The castle wall - the ultimate in safety and protection. And not just as a medieval fortress. For many years now, the castle has been used as a metaphor to teach the basic concepts of cyber-safety and security.
But such a simplistic approach to cyber-security is no longer appropriate, now that cyber-attacks are not just happening more frequently but are also becoming more sophisticated.
"The method of getting into the castle is different, it's no longer the front door," said Joseph Carson, cyber-security strategist at Thycotic, which is a provider of privileged account management (PAM) solutions.
"The new cyber-security perimeter must incorporate an identity firewall built around employees and data using Identity and Access Management technology controls, which emphasise the protection of privileged account credentials and enhancing user passwords across the enterprise with multi-factor authentication."
Once hackers are in, though - whatever the route - it would seem that they go for some of the fastest and easiest targets.
Recent research from Thycotic shows that these targets are often privileged accounts.
According to the firm's 2017 Black Hat survey of 250 hackers, carried out to get their perspective on what works and what doesn't when it comes to protecting critical data, one third of them choose privileged accounts, while 27pc said that getting access to email accounts was the easiest way to unlock sensitive information.
"Privileged accounts are the keys to the kingdom, whether it's a business or personal. We're talking about key information, the Coca Cola secret sauce.
"Depending on the type of company, it could be customer lists, IP, credit card information.
"Whatever it is, it's the core information that enables an organisation to keep running."
In addition, the same survey showed that 73pc of hackers found that traditional perimeter security, like firewalls and antivirus, were now irrelevant or obsolete.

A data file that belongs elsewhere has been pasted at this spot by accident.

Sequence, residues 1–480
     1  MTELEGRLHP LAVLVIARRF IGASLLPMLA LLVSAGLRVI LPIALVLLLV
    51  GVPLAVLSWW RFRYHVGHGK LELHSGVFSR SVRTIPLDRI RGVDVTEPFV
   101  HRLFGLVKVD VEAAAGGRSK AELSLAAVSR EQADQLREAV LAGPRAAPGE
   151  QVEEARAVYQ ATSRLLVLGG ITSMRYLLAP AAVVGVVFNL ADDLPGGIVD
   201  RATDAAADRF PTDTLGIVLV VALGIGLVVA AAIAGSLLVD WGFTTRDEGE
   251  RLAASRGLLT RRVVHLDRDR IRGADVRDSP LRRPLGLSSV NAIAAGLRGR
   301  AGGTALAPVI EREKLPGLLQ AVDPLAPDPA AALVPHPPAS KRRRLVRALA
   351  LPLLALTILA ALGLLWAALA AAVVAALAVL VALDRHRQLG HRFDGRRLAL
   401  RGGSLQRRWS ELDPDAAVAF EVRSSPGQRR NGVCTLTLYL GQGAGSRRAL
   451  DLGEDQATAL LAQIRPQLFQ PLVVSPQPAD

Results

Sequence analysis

According to Carson, the traditional view that cyber-security was the responsibility of the IT department is no longer true; nor is it fair.
"From the boardroom down to the front office and/or janitor, anyone who has access to technology is responsible," he said.
"And the most sensitive information needs the most aggressive form of protection.
"We look at setting boundaries but the approach is wrong. It should be twofold - both data-centric and people-centric.
"While many companies have taken some security steps, we need to stop making software like it's 1999."
According to Carson, data-centric means understanding what data is of value to the company and understanding that value. What is the core?
But the approach must also address the key role that employees can play in the detection and awareness of cyber-security, he explained.
While the same Black Hat survey showed that 80pc of hackers blamed humans for security breaches, Carson added that employers have to take responsibility and support their staff.
It is, he said, incumbent on employers to remember that staff are also victims when hackers hit and organisations have to empower and enable their workers, rather than punish them.
"We must increase our cyber-security awareness to help us protect and secure both our personal assets and our company assets.
"The time for a people-centric cyber-security approach is now, which means that cyber-security is everyone's responsibility," he said.
"The protection and security of employees' work and personal lives are no longer separate. They have been intertwined with evolving trends of social networks, the internet of things and unlimited connectivity."
Carson is just one of the speakers at Dublin Information Sec 2017 cyber-security conference, which takes place on November 1 at the RDS.
He will address The Anatomy of a Privileged Account Hack, detailing the process hackers use to breach the traditional cyber-security perimeters of organisations, from SMBs to the enterprise.
Other speakers include: Jeanette Manfra, the US assistant secretary for cyber-security; Brian Honan, chief executive at BH Consulting; and Bradley C Birkenfeld, banker and whistleblower.
Dublin Information Sec 2017, Ireland's cyber-security conference, addresses the critically important issues that threaten businesses in the information age. For more on INM's Dublin InfoSec 2017 conference, go to: independent.ie/infosec2017
Dublin Information Sec 2017, Ireland’s cyber security conference, addresses the critically important issues that threaten businesses in the information age. For more on INM’s Dublin InfoSec 2017 conference, go to: independent.ie/infosec